Add Microsoft.SharePoint.PowerShell Snap-In to All PowerShell Windows

This post will show you how to ensure Add-PSSnapin "Microsoft.SharePoint.PowerShell" has been executed in all PowerShell windows.


I have been doing a lot of work in PowerShell lately, and found myself frequently in the PowerShell ISE window writing scripts.  I was constantly adding the line Add-PSSnapin "Microsoft.SharePoint.PowerShell" at the top of every script I wrote, and I wanted it to just already be there like it is when I run the SharePoint 2010 Management Shell.  You can add the SharePoint snap-in to all PowerShell windows, so it will be available when you run PowerShell ISE and you don't have to remember to add the snap-in to every script you run.


Credit goes to SharePoint and PowerShell guru Gary Lapointe for this tip.  Open up PowerShell ISE and run the following to create a profile script if one doesn’t exist and edit it in the ISE:

 if (!(test-path $profile.AllUsersAllHosts)) {new-item -type file -path $profile.AllUsersAllHosts –force}
powershell_ise $profile.AllUsersAllHosts

That will open a new tab in PowerShell ISE allowing you to edit profile.ps1.  If you simply execute $profile.AllUsersAllHosts, you will see the path where this file is stored (be default it is C:\Windows\System32\WindowsPowerShell\v1.0).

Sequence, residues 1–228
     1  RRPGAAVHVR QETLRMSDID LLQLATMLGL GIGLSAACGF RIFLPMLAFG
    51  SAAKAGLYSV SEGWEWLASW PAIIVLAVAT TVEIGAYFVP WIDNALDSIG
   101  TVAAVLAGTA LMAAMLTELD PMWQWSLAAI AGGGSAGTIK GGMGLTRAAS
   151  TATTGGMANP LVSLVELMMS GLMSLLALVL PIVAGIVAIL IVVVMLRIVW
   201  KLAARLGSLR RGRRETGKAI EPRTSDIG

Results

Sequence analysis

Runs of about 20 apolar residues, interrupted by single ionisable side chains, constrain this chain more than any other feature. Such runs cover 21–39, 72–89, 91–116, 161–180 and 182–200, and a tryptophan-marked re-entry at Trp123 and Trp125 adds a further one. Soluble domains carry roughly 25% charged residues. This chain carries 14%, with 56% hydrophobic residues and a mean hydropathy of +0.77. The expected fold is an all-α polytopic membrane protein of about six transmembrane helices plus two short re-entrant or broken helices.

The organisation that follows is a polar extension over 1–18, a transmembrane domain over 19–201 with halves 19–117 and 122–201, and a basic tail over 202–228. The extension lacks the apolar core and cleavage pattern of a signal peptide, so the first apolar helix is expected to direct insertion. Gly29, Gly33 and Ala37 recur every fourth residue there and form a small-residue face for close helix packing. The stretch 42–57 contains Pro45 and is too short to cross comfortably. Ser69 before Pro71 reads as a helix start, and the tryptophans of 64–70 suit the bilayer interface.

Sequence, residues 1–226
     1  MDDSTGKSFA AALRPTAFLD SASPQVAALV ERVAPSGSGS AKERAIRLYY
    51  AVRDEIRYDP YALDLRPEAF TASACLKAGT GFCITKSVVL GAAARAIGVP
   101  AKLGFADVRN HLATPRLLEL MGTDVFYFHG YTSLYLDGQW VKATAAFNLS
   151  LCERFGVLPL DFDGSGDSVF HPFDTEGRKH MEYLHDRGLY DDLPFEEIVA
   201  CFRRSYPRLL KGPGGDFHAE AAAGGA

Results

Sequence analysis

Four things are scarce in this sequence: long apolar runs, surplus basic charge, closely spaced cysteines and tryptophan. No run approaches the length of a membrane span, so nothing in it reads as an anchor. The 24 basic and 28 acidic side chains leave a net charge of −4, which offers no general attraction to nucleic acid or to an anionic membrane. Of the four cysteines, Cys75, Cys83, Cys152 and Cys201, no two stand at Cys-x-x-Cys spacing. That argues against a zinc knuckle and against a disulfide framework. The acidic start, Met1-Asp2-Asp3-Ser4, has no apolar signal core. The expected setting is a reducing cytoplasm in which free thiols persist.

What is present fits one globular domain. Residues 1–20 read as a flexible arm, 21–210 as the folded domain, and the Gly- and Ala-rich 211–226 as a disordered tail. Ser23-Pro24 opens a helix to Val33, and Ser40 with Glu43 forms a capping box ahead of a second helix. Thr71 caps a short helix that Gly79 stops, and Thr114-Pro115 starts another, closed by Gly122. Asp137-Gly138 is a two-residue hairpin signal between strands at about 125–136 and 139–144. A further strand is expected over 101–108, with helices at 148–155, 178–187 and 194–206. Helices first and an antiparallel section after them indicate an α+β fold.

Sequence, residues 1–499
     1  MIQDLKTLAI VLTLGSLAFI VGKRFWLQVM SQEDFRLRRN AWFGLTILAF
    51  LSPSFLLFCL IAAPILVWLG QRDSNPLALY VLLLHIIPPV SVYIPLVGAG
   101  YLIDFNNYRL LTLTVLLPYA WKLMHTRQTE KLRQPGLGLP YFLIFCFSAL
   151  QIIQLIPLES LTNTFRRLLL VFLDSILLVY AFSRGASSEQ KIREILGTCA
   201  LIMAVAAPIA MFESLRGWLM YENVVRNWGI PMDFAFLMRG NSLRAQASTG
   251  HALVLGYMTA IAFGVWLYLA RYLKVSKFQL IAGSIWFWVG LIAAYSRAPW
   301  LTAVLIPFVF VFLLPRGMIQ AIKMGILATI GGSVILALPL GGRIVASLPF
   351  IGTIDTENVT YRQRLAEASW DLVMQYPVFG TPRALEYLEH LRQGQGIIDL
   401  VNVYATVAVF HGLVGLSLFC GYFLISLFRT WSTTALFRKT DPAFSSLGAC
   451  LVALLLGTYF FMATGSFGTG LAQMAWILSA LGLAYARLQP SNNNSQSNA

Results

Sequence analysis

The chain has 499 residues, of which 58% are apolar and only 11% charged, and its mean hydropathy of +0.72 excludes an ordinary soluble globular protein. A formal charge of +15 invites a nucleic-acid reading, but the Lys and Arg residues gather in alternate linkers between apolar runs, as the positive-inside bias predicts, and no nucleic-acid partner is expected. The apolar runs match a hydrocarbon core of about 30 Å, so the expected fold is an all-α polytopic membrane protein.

In PowerShell ISE, you will now have a new tab where you can edit this file.  In that new tab, add the following code and then save the file.

 $ver = $host | select version
if ($ver.Version.Major -gt 1) {$host.Runspace.ThreadOptions = "ReuseThread"} 
if ((Get-PSSnapin "Microsoft.SharePoint.PowerShell" -ErrorAction SilentlyContinue) -eq $null) 
    Add-PSSnapin "Microsoft.SharePoint.PowerShell"

The edit window looks like this:


Now, close PowerShell ISE and then open it again.  It will take a little longer than usual to open the window because it is executing the code from Profile.ps1 and adding the Microsoft.SharePoint.PowerShell snap-in.  To test it, run a command such as Get-SPFarm.


That simple little trick has saved me hours of frustration while editing scripts, and has enabled me to really start leveraging PowerShell ISE.  Thanks to Gary for his great insight at:

If you are interested in PowerShell and SharePoint and haven’t visited Gary’s blog, do so immediately… it is a great resource.

Update: Spence Harbar let me know that he has a post doing something very similar, executing the same script that the SharePoint 2010 Management Shell executes.

For More Information

Adding SharePoint 2010 PoweShell cmdlets to your PowerShell ISE


SharePoint 2010 Products administration by using Windows PowerShell

Add-PSSnapIn Microsoft.SharePoint.PowerShell Failing after SharePoint Install